The domestic goddess…

I have decided to turn over a new leaf, well that is the plan anyway. I am going to be come a domestic goddess, the perfect stereotypical 1950’s housewife and it starts tomorrow. Just slap me on the arse with a feather duster and call me Nigella (or Kim, or Aggie or even Delia if you so wish).

What has prompted this? Well I do not know, I guess I am just sick of living in crap and yearn to be just like Anthea Turner and be “The Perfect Housewife”. I am in the middle of finalising my new regime but until then, enjoy this…Anthea’s Top Tips – guaranteed to turn you into the perfect housewife that you know is deep down inside you somewhere…

Anthea Turner’s 
Top Ten Tips 

1. You can’t run a home that’s a mess, so first of all you have to de-clutter it. If it’s not beautiful, useful or seriously sentimental, it goes. Charity shop or bin – you decide!

2. There’s no getting away from it: you have to clean. People who say “oh, my house is a bit of a mess, but I’m really clean” are talking rubbish because you can’t have a tidy house if it’s not clean.

3. Make the house into a home. Consider your house from an aesthetic point of view. Rearranging furniture, adding some candles, or making even small tweaks can really make the difference.

4. Run a home like you would a small business and treat it with the same seriousness. If you’re job-juggling, then it’s obviously more difficult than if you’re a full-time housewife/husband. If you are a housewife, take pride in that.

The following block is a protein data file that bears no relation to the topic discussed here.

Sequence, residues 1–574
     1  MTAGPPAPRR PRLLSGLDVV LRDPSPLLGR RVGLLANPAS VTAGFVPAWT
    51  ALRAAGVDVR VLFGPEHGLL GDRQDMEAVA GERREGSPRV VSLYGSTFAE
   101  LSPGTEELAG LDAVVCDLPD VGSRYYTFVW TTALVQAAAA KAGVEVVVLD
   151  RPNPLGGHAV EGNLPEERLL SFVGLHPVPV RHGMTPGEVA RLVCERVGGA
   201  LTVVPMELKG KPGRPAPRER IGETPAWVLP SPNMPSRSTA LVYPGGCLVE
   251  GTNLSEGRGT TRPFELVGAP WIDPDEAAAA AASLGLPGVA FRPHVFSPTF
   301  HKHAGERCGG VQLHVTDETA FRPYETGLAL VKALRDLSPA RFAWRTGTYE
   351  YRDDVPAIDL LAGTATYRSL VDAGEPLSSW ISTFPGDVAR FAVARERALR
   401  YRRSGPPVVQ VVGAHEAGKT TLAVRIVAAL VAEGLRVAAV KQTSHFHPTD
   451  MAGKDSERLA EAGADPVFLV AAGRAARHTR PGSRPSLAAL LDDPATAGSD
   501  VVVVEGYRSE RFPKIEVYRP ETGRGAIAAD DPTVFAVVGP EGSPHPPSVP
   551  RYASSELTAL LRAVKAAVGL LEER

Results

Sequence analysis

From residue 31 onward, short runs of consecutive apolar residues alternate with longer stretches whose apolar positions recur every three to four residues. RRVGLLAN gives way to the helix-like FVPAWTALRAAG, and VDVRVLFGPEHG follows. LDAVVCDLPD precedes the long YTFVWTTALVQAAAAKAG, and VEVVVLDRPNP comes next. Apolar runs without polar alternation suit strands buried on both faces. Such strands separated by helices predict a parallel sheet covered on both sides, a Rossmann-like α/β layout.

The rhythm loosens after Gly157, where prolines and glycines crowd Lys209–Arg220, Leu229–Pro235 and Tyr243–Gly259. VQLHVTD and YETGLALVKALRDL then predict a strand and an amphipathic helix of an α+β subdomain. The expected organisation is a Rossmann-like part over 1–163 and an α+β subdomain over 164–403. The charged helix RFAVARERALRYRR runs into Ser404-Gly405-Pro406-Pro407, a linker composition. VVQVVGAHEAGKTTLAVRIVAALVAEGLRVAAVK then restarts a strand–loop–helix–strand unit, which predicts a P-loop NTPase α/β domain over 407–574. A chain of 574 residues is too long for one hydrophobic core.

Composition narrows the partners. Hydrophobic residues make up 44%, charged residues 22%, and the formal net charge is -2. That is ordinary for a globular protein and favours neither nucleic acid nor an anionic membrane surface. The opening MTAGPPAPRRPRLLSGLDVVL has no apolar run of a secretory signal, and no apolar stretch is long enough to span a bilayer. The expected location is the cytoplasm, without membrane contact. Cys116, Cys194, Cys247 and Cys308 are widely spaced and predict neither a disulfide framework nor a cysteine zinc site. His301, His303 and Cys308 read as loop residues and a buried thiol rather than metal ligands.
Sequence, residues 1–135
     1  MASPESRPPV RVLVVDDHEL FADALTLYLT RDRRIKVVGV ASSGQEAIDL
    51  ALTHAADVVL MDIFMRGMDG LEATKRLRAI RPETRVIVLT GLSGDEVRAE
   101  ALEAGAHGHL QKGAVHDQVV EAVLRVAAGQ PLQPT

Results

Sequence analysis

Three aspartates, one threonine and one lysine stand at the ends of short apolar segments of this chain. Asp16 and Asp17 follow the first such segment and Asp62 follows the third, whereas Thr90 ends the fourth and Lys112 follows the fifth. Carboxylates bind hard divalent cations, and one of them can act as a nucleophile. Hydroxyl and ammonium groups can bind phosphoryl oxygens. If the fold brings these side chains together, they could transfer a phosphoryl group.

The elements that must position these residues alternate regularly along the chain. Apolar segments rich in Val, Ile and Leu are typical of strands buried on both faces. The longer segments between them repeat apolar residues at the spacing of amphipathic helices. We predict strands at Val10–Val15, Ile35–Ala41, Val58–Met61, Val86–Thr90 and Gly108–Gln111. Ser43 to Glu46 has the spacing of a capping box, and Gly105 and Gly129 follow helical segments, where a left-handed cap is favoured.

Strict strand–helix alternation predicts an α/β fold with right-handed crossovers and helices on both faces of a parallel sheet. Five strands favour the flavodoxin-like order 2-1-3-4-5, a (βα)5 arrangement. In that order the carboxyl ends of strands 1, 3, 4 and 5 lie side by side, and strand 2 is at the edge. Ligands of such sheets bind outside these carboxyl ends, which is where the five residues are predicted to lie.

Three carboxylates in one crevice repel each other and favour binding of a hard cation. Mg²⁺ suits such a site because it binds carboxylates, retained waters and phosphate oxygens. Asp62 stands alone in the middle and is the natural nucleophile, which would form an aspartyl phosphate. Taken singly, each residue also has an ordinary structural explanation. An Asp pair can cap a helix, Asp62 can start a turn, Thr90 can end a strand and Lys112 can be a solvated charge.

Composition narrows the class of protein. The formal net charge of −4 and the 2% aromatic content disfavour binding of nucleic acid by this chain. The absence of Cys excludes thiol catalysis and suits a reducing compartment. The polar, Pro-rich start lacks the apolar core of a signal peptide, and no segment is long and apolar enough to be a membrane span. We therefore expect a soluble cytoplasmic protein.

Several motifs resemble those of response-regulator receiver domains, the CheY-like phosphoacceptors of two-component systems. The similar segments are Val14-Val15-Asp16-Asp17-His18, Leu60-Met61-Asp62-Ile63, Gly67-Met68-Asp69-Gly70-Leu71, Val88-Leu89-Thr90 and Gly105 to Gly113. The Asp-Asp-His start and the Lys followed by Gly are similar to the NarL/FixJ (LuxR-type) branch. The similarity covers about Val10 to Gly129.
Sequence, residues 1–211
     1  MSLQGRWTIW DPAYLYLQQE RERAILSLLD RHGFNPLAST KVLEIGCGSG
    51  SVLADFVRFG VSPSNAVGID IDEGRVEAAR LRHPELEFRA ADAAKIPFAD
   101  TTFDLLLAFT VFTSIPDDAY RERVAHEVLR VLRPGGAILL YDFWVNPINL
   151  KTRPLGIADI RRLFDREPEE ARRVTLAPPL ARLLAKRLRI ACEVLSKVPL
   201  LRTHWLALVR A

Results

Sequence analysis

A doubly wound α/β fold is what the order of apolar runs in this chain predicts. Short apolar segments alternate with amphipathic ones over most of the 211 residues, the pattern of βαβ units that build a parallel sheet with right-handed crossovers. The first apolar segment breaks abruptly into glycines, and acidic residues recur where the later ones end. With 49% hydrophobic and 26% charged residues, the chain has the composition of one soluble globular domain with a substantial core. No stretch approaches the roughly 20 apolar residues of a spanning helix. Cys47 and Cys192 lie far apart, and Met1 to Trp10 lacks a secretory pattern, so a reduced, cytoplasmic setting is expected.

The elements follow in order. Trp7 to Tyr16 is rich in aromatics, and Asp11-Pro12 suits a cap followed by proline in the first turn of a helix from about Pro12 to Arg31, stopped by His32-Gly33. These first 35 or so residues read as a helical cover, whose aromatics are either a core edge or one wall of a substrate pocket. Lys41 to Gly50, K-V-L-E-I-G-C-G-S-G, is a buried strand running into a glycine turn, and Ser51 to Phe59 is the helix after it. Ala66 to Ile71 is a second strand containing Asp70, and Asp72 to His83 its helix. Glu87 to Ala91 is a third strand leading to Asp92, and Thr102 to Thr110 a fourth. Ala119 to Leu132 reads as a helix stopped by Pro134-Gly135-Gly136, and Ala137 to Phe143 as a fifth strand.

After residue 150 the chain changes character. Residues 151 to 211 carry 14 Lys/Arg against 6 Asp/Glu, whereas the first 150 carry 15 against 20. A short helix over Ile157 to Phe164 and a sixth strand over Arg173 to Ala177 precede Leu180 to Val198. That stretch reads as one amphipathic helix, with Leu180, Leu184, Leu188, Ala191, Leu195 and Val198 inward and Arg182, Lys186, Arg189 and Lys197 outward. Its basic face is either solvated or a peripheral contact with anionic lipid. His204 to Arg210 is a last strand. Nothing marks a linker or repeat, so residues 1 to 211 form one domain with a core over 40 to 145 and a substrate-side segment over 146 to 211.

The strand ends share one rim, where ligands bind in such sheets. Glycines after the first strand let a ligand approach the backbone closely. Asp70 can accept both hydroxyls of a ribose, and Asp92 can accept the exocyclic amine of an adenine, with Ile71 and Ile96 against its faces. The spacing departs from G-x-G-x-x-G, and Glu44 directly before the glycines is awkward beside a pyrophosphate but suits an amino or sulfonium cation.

5. Storage is important. Whether it’s cushions you only use outside in the summer, or blankets that only come out in the winter, you’ve always got to think of where to store them. Try vacuum-packing to save space. Wicker baskets are marvellous for putting things in. If everybody knows where everything is kept you can avoid wasting time looking for things.

6. Think about how you run your home. Could it be done more efficiently? In the series, one househusband keeps all his shoe-cleaning things in a lounge drawer but, of course, he cleans his shoes in the kitchen. Be practical.

7. It’s also about team work. When children get to a certain age they can help by putting dirty washing in the right place and making their own beds. The first rule of management is delegation. Don’t try and do everything yourself because you can’t.

8. Don’t use too many household cleaning products which are harmful to the environment. Try cleaning with vinegar, or just use one damp cloth swilled in cold water and one dry cloth. For cleaning windows and mirrors, you can’t beat scrunched-up newspaper, dampened down with some white vinegar and water.

9. Avoid wastage. If you’re cutting up a lemon, put the left-over half into the dishwasher. It adds a little ting and sparkle in your wash.

10. Domestic paperwork (bills, guarantees, insurance) is very important, so don’t avoid it! A proper family diary with everyone’s events and parties in it really helps organise the household.

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